The Ford Granada
I saw this article on MSN today, about the biggest automotive flops of the past 25 years, and it got me to thinking of lemons I have driven. Most of them were Fords from the ’70s, because Dad was a Ford dealer and the ’70s was when I started driving. These were cars like the Ford Granada, pictured above. The Granada looked like a cereal box on wheels, and combined the worst features imaginable — absurdly bad handling, dismal appearance, grossly underpowered, poor gas mileage. It was not a car that you wanted to drive to impress a girl on the first date. There were many other Ford busts from that era — the gnome-like Ford Maverick, which could easily have been manufactured by a country behind the Iron Curtain, and the stylish Ford Pinto, which handled like Bambi on icy road conditions and was later associated with rear-end explosions, and the Mustang Ghia, with a roof coated in a pebbly white plastic substance that presumably was supposed to look like a convertible but instead quickly became brittle and broke apart after its first trip through the car wash.
Well, what the heck — they were free thanks to Dad, and as my grandmother was fond of saying, You get what you pay for.
More on the Ford Granada: Leisure Suits, Disco, and the Ford Granada
As a further response to UJ’s comment, I think true public works are well worth the investment. Kish and I drove back and forth to Poughkeepsie this past weekend to pick up Russell’s clothes and other accumulated college bric-a-brac. The only reason we could make the trip in a weekend is the interstate highway system. As you drive along the stretch of I-80 that runs through the desolate hill country of northern Pennsylvania, you can’t help but be impressed by the miles of clean, open four-lane road and the many areas where the highway builders had to hack through rocky hills and build long bridges to make the highway a superhighway.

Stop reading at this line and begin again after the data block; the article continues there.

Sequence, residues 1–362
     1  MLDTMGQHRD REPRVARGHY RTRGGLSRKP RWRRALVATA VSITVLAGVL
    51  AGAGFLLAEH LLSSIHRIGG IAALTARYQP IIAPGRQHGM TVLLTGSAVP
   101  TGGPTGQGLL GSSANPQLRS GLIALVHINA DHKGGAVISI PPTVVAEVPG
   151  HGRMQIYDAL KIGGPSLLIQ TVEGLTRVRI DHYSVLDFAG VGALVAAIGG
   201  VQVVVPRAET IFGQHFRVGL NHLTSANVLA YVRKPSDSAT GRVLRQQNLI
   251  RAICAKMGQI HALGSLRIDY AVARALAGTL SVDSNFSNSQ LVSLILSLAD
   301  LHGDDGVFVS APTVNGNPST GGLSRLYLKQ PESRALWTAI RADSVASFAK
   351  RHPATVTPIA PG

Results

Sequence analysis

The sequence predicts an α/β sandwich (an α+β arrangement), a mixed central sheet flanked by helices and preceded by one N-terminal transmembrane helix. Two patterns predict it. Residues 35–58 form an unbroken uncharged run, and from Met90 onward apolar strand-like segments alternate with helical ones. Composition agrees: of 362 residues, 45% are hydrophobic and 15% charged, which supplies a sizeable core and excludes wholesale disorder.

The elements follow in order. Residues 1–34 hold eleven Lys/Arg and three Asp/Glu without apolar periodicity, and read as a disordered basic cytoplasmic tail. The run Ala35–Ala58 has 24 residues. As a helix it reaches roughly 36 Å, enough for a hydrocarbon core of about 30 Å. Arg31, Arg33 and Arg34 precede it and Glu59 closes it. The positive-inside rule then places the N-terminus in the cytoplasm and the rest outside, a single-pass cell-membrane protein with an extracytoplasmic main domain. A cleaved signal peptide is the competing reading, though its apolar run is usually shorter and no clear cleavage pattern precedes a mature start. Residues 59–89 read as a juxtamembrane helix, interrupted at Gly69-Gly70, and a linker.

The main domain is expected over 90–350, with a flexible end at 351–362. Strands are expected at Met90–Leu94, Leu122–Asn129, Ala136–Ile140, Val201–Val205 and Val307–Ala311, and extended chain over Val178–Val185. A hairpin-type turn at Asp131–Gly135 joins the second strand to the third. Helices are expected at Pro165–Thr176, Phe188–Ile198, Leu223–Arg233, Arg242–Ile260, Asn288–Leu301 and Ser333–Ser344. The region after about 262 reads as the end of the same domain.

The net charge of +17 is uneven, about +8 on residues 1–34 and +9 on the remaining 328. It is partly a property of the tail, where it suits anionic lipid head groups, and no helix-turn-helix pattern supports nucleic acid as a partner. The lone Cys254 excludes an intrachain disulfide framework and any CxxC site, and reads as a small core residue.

One interesting aspect of true public works projects is that they have unanticipated consequences, good and bad. The highway system permitted the quick, inexpensive delivery of goods by truck — and thereby helped to spark the interstate trucking industry, Federal Express, and Ebay while hurting rail systems. By making it easy to travel by road, the highway system encouraged Americans to own and use cars — which helped the auto industry, the travel industry, and the homebuilding industry as it created new suburbs, farther and farther from the city cores, but also led to suburban sprawl, an increasing reliance on foreign oil, and air pollution. Even more fundamentally, the highway system also helped to define America and the American dream. Cars and road trips are as much a part of American culture as Valley Forge and the frontier. Would Jack Kerouac have written On The Road without the highway system?
I’d like to see America tackle another massive public works project — like the interstate highway system, the Manhattan Project, or the TVA. Americans dream best when they dream biggest. Right now, there is only one public works project that has the ability to inspire, to give rise to new ways of thinking and acting, and to employ thousands of people — a manned space program. The Mercury, Gemini, and Apollo programs led to countless technological developments, and made Americans proud of what they could accomplish when they truly dedicated themselves to a goal. It was a mistake to end the manned space program. I’d like to see President Obama correct that mistake, jettison most of the stimulus spending, and rededicate the remainder to a true national goal instead of local, congressional pork projects. I’d rather build bases on the Moon and Mars and the moons of Saturn, and develop the new technologies that would be required to do so, than spend one more penny of federal stimulus dollars on John Murtha’s eponymous airport.